Extracurricular activities offer students the chance to make lasting memories and learn crucial skills. But how can your institution ensure its students are still given these opportunities during the coronavirus crisis?
University is not only a means to a degree or qualification. It’s also an opportunity for students to expand and explore interests outside of their chosen subject.
Extracurricular activities, whether that be volunteering, sports, or the arts, are a great way to learn key soft skills and create memorable experiences.
According to the World Health Forum, as well as the need to understand and work with technology, 80% of businesses surveyed said soft skills were increasingly important to company success.
The report identified five soft skills that companies need but are struggling to find in their employees, including:
- Time management
Extracurricular activities are an excellent way for students to gain these vital soft skills before they enter the labor market.
These activities not only help students learn how to keep commitments and manage time, but they can also encourage students to step outside their comfort zones, in turn expanding their skill set even further.
Extracurricular activities can also help students expand their interests; helping them understand more of what they enjoy and, in some cases, what they might pursue as a career.
For example, it’s not uncommon for journalists, writers, or editors to have contributed to their student magazine during their time at university, something that may have sparked their interest in a related profession.
One of the many reasons why university students are keen to participate in extracurricular activities is simply for the enjoyment and the memories they can provide.
The pressure of exams and coursework can be difficult for students to manage, and extracurricular activities allow them to spend time with friends and away from these pressures.
Due to the coronavirus crisis, universities across the world have had to close their campuses, or at the very least, implement strict social distancing guidelines.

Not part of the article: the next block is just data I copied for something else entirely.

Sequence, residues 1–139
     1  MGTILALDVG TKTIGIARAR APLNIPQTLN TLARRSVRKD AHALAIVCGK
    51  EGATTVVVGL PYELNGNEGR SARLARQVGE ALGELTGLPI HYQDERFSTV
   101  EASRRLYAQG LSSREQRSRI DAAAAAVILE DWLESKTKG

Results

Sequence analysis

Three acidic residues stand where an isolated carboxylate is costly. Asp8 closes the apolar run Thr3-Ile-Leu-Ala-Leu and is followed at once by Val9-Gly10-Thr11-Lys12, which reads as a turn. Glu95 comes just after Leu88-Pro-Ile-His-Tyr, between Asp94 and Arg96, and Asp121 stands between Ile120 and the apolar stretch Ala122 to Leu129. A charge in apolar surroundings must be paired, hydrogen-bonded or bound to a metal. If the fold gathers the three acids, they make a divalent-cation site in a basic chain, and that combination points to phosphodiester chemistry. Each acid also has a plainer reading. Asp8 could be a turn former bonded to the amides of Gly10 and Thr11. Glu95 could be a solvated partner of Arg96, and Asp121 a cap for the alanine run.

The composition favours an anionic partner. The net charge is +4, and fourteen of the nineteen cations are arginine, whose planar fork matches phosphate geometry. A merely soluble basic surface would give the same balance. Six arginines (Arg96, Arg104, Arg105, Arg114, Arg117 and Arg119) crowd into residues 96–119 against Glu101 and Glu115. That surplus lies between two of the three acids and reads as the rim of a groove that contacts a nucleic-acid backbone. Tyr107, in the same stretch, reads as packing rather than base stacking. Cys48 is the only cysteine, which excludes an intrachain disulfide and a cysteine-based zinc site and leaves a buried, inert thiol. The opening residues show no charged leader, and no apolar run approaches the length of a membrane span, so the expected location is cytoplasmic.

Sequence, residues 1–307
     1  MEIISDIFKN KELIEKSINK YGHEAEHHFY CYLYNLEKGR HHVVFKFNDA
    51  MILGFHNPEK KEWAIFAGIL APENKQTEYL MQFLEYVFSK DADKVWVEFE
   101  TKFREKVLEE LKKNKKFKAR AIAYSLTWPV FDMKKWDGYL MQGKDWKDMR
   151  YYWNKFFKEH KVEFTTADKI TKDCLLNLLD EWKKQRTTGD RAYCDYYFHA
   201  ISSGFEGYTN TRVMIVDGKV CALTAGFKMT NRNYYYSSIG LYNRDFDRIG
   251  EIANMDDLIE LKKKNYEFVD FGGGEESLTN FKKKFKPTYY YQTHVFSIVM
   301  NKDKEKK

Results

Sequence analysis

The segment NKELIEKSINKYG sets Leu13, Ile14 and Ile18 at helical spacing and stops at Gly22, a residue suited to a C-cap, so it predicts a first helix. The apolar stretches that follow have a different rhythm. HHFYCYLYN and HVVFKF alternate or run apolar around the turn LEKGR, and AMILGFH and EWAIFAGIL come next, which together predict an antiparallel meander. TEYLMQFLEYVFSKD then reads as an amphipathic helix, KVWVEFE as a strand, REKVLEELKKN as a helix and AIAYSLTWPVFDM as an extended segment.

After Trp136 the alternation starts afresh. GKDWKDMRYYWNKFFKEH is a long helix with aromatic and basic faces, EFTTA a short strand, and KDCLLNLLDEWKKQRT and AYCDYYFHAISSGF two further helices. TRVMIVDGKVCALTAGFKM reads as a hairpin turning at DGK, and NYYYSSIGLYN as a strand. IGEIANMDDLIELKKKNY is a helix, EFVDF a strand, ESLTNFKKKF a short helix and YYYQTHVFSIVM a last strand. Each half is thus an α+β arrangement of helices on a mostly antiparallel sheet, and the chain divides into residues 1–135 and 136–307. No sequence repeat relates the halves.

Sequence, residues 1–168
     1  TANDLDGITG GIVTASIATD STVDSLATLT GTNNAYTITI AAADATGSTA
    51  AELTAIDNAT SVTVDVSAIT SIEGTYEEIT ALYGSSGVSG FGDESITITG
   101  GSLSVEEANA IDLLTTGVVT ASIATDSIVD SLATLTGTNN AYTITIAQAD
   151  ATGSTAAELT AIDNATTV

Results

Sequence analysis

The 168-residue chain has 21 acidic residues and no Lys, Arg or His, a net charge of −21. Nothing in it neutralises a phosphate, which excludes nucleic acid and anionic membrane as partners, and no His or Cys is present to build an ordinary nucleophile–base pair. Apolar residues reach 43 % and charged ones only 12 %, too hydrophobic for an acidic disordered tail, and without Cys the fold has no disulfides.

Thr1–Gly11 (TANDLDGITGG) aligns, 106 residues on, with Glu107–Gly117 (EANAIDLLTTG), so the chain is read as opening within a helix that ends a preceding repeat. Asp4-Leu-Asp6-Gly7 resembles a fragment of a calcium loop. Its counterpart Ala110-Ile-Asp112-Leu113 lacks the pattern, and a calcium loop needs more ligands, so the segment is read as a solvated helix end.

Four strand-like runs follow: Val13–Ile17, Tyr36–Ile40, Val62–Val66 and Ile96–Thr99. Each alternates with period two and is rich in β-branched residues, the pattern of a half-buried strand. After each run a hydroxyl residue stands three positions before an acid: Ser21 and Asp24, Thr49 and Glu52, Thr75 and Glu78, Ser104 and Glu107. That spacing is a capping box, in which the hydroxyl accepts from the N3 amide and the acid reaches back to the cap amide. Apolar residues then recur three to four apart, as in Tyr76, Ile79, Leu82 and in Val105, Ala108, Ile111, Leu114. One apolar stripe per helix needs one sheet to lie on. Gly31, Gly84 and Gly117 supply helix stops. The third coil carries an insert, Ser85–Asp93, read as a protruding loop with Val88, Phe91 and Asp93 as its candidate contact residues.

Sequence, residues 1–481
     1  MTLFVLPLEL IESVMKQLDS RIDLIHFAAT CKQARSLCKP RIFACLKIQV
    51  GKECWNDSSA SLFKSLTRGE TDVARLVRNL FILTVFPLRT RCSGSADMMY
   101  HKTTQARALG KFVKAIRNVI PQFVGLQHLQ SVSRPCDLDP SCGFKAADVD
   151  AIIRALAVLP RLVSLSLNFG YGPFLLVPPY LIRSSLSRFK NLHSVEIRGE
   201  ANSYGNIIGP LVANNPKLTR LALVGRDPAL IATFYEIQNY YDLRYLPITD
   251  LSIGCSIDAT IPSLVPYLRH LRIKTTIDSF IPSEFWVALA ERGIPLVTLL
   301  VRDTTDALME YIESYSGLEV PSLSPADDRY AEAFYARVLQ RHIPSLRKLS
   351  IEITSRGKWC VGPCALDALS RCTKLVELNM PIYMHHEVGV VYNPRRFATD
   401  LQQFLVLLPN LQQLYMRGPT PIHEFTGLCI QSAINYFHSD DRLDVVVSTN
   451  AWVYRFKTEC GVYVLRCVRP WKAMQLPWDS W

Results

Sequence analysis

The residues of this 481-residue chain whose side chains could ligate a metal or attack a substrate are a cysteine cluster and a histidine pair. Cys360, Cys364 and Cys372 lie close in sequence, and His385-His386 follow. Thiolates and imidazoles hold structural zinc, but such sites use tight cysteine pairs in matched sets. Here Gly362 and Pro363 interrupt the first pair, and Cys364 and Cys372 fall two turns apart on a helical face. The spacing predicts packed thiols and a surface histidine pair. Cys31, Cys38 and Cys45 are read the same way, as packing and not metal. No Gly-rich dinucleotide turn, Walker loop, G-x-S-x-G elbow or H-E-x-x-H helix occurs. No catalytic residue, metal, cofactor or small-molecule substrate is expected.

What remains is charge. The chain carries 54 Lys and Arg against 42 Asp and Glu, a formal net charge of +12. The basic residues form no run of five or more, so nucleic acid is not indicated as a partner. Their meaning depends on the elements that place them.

This is an obstacle for many extracurricular activities that rely on in-person interactions.
It’s important that student clubs and societies are not neglected during this time, and that, even though the coronavirus presents significant challenges, universities find innovative ways to help them function.
In normal circumstances, universities would host a fair at the beginning of the academic year to showcase the clubs and societies they have to offer.
Universities must find a way of hosting these fairs in a safe way, to ensure students studying in the time of coronavirus are given the same opportunities as everyone else.
One option is to host the fair online, allowing students to browse their institution’s clubs and societies without any risk to them.
Most universities, such as the University of Western Australia, have their options listed online all year round.
While this is a great place to start, it is also a good idea to create a more interactive experience by supplementing the online information with live presentations or Q&A sessions with current club representatives.
Cambridge University, who announced they will be conducting the entire academic year online with some in-person teaching if possible, have planned a creative and interactive online fresher’s fair for new students.